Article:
Hermès is in the business of creating icons. The Birkin bag, the double-banded Cape Cod watch, even those whimsical patterned ties: each is an inescapable totem of the 177-year-old fashion house's rock-solid brand.
Yet looking at their new line of pens, it would appear that after two centuries of brand cohesion, someone at the company was itching to try something new.
That someone, it turns out, is Pierre-Alexis Dumas, Hermès' artistic director and great-great-great grandson of the company's founder. "I wanted to do an object that's unlike anything you've seen before," said Dumas during last night's launch event at their New York flagship on Madison Avenue. "This is the way we should design at Hermès. We should not be superfluous. We should be essential."
And so we have the Nautilus line of cap-less, retractable pens, designed by the Australian industrial designer Marc Newson. There's no enamel, no precious metals, nothing that would imply glittering luxury. Instead, the brushed aluminum and stainless steel pens are matte, solid, and uncharacteristically understated, priced at $1,350 (for the ballpoint) and $1,650 (for the fountain). They come in dark blue, burgundy, and black -- with nary a spot of that signature Hermès orange to be found.
"I've been heading the collections for about 10 years," said Dumas. "The exercise, every season, is to give a contemporary expression to an age-old company. It's a paradox, but it leaves space for creativity."
Of course, at a time when most people use smartphones for correspondence and pens to sign receipts and not much else, there's a certain irony to creating a ‘modern,' pen, but Dumas explained that's missing the point. "Using a pen is an interesting act of resistance," he said. "I don't write the same way with a computer -- I'm more inspired when I'm writing with a pen. It's a different, more personal thought process."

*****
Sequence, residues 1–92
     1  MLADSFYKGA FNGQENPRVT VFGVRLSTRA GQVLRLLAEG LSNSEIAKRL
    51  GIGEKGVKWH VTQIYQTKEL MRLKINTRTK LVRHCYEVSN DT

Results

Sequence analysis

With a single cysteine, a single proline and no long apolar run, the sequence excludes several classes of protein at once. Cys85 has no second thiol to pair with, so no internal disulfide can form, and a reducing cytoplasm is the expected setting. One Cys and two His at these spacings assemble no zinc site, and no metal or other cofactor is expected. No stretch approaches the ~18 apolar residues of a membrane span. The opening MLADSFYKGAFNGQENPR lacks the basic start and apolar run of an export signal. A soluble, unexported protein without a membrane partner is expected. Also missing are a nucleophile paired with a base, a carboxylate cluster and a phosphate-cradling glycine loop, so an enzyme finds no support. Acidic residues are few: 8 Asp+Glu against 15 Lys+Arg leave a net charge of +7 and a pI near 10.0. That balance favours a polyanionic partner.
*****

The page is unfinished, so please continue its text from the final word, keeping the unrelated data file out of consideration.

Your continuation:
In conjunction with the pens, Hermès has launched an entire ecosystem of distinctly traditional leather accessories. (No one said anything about them abandoning their billion-dollar business model entirely.) There's a leather ink-cartridge holder ($500), leather pen cases ($360), a stationary set, with notepads and notebooks ranging from $35 to $65, a leather writing set (medium size: $2,000), and notebooks ($115) bound in Hermès' signature colorful silk patterns.
At the launch event, guests were invited to try out the pens at different tables. At one, a graphologist analyzed visitors' handwriting. ("Bold leader" here, in case you're wondering.) People could also write letters on Hermès stationary, which the company then mailed, or listen to leather-covered headphones and practice "automatic writing," letting their hands move to the beat of the music.
The stationary, which is made in France, is thick, lustrous, and tactile -- you don't write on the notepad paper as much as carve into it. The pens feel balanced and almost uncannily solid when held.
"We spent a long time trying to get the right shape, so that it fits well in your hand," said Dumas. "I find the object very sensual."
The glossy blue leather writing set is the least practical piece in the product launch. It's lovely to be sure, but fairly bulky -- even if you've got a capacious briefcase or purse, only the most dedicated traveling scribes will want to lug it around.
Still, this is Hermès; items will move. As Dumas stood in the thick of it all, smiling and greeting visitors, Glenda Bailey, editor-in-chief of Harper's Bazaar, rushed up to him brandishing a giant shopping bag. "I bought a brown and a navy," she exclaimed about her new pens. "I just love them, they're fantastic."
Dumas beamed. "Good!" he said. "You're not leaving empty handed."